The Adventures of Ferdinand Count Fathom HTML version

Chapter 29
Another Providential Deliverance From The Effects Of The Smuggler's Ingenious
During these deliberations, the wine merchant, with a view to make a parade of
his superior parts and breeding, as well as to pave the way for a match at
backgammon, made a tender of his snuff-box to our adventurer, and asked, in
bad French, how he travelled from Paris. This question produced a series of
interrogations concerning the place of Ferdinand's abode in that city, and his
business in England, so that he was fain to practise the science of defence, and
answered with such ambiguity, as aroused the suspicion of the smuggler, who
began to believe our hero had some very cogent reason for evading his curiosity;
he immediately set his reflection at work, and, after various conjectures, fixed
upon Fathom's being the Young Pretender. Big with this supposition, he eyed
him with the most earnest attention, comparing his features with those of the
Chevalier's portrait which he had seen in France, and though the faces were as
unlike as any two human faces could be, found the resemblance so striking as to
dispel all his doubts, and persuade him to introduce the stranger to some justice
on the road; a step by which he would not only manifest his zeal for the
Protestant succession, but also acquire the splendid reward proposed by
parliament to any person who should apprehend that famous adventurer.
These ideas intoxicated the brain of this man to such a pitch of enthusiasm, that
he actually believed himself in possession of the thirty thousand pounds, and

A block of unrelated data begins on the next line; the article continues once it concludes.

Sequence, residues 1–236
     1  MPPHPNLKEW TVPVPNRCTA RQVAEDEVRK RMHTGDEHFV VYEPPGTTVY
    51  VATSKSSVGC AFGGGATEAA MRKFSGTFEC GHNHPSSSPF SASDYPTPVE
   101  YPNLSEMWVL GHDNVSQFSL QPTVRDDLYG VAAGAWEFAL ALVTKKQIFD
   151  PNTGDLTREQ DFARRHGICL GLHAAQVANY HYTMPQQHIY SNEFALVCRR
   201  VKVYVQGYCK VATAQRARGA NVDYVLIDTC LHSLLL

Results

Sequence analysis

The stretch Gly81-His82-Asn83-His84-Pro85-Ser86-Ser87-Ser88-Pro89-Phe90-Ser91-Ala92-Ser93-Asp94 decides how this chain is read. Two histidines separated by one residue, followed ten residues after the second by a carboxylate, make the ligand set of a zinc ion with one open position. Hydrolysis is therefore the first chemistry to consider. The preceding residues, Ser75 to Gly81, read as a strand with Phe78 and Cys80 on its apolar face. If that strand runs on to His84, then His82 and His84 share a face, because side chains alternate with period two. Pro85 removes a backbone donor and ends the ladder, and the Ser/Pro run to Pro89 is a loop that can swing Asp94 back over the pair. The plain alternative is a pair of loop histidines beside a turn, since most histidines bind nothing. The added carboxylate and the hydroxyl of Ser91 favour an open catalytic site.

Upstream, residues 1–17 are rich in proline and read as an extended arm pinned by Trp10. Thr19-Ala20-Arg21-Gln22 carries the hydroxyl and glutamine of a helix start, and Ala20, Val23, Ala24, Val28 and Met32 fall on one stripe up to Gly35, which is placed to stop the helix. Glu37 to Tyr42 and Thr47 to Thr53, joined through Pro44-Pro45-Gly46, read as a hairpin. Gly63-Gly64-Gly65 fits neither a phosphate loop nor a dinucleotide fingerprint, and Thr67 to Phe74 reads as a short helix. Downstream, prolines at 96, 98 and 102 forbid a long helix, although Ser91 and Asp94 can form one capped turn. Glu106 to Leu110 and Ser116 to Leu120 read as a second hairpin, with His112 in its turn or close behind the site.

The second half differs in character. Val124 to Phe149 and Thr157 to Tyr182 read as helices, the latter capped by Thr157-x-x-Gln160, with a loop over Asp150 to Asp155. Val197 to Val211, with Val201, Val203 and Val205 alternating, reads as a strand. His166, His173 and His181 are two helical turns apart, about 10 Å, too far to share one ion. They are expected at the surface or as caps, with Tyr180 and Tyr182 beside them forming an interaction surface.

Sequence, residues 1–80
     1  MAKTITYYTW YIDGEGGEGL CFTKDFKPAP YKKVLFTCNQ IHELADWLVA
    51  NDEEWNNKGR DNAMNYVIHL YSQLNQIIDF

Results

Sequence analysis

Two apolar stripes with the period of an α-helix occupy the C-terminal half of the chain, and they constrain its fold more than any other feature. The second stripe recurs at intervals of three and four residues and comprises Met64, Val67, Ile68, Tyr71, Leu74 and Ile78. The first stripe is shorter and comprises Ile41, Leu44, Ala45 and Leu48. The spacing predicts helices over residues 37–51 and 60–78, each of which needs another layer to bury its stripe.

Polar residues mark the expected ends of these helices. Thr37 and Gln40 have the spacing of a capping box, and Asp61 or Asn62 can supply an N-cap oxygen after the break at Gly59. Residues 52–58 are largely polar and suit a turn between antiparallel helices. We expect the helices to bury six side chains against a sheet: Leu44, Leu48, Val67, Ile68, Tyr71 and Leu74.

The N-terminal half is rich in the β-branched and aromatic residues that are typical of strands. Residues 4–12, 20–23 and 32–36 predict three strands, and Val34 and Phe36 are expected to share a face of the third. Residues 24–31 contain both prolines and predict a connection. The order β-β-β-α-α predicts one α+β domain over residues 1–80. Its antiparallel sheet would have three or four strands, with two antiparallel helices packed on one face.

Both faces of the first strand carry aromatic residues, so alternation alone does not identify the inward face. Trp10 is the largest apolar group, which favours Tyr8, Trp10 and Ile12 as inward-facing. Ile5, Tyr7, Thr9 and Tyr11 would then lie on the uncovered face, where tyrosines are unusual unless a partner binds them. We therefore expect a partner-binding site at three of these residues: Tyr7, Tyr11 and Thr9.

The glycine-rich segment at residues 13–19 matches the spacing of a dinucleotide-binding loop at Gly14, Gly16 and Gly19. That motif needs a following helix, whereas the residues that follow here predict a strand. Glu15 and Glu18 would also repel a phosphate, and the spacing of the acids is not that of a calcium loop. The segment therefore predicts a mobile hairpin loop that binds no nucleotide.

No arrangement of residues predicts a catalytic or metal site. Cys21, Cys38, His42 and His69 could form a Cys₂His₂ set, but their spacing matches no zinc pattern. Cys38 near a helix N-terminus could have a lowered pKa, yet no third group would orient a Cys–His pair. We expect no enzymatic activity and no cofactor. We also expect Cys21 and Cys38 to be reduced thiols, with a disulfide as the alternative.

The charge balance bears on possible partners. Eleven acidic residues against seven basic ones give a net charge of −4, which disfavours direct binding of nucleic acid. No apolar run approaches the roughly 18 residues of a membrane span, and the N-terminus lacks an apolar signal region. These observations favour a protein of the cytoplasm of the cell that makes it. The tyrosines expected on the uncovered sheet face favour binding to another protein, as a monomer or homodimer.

amused his fancy with a variety of magnificent projects to be executed by means
of that acquisition, until his reverie was interrupted by the halting of the coach at
the inn where the passengers used to eat their breakfasts. Waked as he was
from the dream of happiness, it had made such impression upon his mind, that,
seeing Fathom rise up with an intention to alight, he took it for granted his design
was to escape, and seizing him by the collar, called aloud for assistance in the
King's name.
Our hero, whose sagacity and presence of mind very often supplied the place of
courage, instead of being terrified at this assault, which might have disturbed the
tranquillity of an ordinary villain, was so perfectly master of every circumstance of
his own situation, as to know at once that the aggressor could not possibly have
the least cause of complaint against him; and therefore, imputing this violence
either to madness or mistake, very deliberately suffered himself to be made
prisoner by the people of the house, who ran to the coach door in obedience to
the summons of the wine merchant. The rest of the company were struck dumb
with surprise and consternation at this sudden adventure; and the quaker,
dreading some fell resistance on the side of the outlandish man, unpinned the
other coach door in the twinkling of an eye, and trundled himself into the mud for
safety. The others, seeing the temper and resignation of the prisoner, soon
recovered their recollection, and began to inquire into the cause of his arrest,
upon which, the captor, whose teeth chattered with terror and impatience, gave
them to understand that he was a state criminal, and demanded their help in
conveying him to justice.